My little fam bam

My little fam bam

I am also a mother to two children –Alex who is 6 and Archer who is just over a year old.  Motherhood has been no walk in the park, especially during my single parent journey during Alex’s first couple of years, and then juggling school and work throughout my second pregnancy and through Archer’s first year.  It is through this journey of motherhood that I developed an interest in child health, which is my other area of focus. 

I am super lucky to have a husband who is so incredibly supportive of me, and his support means that I can do this work and study - we met when I was going through college and he was there for me to make sure the home was running smoothly while I had my late nights and weekends in the student clinic to get my studies done.  

Like most people who end up in this field, it is my past experiences that have shaped who I am and motivated me to try and find ways to help others who may be in a similar situation.  It might not be exactly the same, but those who have struggled with their health (physical, mental, emotional) and are yet to find a way to move forward.  If this is you, or someone you know, then I’d love to see you!


Winter Wellbeing - Children & Immunity

Children & Immunity

Anyone with children knows that as soon as Autumn starts to roll around, all the kids at daycare or school start turning into snotburgers and inevitably your child ends up sick too.

So why do kids seem to get sick more often than adults?  The short answer is simply that children have not had as much time for their immune system to mature, and as adults we have been exposed to more germs & viruses (pathogens) than most kids have.   Therefore kids are more easily affected by the pathogens that they’re exposed to as their immune system works to fight (and remember) them. (1)

Another key point to remember is the role gut health plays in immune function.   Living in the gut are tens of trillions of microorganisms, including over 1000 different species – and that’s just in one human! (2) These microorganisms (known as your microbiota) play an important part in maintaining your immune system balance and act as a first line defense against invading pathogens.   There are many factors that can affect the balance of your microbiota, ranging from diet, medications, to even the birth process. (3)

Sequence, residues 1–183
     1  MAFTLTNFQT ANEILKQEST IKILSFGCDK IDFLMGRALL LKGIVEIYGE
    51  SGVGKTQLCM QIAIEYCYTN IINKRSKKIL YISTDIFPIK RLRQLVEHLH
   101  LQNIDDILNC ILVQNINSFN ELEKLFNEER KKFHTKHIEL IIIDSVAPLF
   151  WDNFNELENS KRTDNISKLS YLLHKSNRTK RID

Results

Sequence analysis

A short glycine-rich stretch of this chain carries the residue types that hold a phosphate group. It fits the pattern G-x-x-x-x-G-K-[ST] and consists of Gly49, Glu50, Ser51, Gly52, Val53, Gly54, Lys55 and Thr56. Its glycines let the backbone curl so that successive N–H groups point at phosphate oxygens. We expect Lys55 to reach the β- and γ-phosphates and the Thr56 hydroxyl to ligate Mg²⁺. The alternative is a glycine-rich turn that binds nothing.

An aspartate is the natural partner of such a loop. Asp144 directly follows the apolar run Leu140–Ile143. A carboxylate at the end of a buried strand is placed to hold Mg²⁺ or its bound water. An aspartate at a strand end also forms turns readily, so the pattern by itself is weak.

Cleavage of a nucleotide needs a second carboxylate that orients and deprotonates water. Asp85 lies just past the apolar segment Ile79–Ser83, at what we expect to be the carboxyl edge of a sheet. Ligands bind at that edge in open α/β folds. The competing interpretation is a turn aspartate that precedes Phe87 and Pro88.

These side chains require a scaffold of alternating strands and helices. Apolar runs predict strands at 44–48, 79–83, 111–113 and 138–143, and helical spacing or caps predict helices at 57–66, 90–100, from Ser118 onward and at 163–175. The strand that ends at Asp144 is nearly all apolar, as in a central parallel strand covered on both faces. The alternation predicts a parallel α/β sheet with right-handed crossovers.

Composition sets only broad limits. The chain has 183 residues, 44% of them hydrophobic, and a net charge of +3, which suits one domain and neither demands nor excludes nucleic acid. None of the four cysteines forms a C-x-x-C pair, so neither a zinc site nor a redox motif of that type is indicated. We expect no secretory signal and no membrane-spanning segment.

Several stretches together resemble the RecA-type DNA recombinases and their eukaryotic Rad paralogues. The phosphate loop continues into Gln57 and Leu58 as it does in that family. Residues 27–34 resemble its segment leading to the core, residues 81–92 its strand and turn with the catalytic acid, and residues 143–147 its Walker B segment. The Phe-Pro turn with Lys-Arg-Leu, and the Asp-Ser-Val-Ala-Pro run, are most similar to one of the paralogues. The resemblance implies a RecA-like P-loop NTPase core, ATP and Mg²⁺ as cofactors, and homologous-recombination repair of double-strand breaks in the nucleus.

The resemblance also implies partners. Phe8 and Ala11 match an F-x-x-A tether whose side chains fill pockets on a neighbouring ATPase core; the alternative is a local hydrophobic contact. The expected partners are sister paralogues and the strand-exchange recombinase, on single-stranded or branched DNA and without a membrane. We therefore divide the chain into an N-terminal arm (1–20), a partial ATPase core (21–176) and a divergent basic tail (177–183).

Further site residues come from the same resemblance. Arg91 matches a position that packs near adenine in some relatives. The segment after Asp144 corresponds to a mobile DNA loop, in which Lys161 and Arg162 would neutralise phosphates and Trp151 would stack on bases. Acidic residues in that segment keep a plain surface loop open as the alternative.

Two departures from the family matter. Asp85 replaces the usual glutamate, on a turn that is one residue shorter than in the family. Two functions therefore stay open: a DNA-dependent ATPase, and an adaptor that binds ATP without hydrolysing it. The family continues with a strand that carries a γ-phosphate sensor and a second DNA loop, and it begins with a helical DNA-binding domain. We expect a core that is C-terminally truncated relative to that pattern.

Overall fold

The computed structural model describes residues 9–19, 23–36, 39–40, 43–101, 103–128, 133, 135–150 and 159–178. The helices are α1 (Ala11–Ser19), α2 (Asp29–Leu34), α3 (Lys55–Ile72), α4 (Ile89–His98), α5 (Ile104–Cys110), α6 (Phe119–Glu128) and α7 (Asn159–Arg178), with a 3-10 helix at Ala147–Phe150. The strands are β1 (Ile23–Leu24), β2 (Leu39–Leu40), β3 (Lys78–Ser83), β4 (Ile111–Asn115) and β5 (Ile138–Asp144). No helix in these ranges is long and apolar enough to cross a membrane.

So what can be done by you to improve your child’s ability to fend off bugs and germs this winter?

1. Diet is Key!
As we’ve mentioned above, your gut health and microbiota plays a key role in how well your immune system functions.   And the food you eat can determine how well populated and diverse your microbiota is.   The “food” that your beneficial bacteria eat are known as prebiotics.  Prebiotics can promote the growth of many of your beneficial bacteria – and so it is important to include prebiotic containing foods in your child’s (and your!) diet.  Luckily, this can be achieved just by including fresh fruits and vegetables as part of your daily diet.  Examples of foods that are high in prebiotics include asparagus, garlic, beetroot, sweet corn, kidney beans, chickpeas, watermelon, nectarines and white peaches. (4)  Another benefit of consuming fresh fruits and vegetables is that many of them contain other key nutrients essential for immune function including zinc, vitamin C and antioxidants.  Finally, foods high in omega 3 fatty acids such as salmon and tuna are also beneficial for the immune system not only helping to reduce inflammation in the body, but by potentially enhancing the activity of some white blood cells. (5)

2.  Sleep (HA!)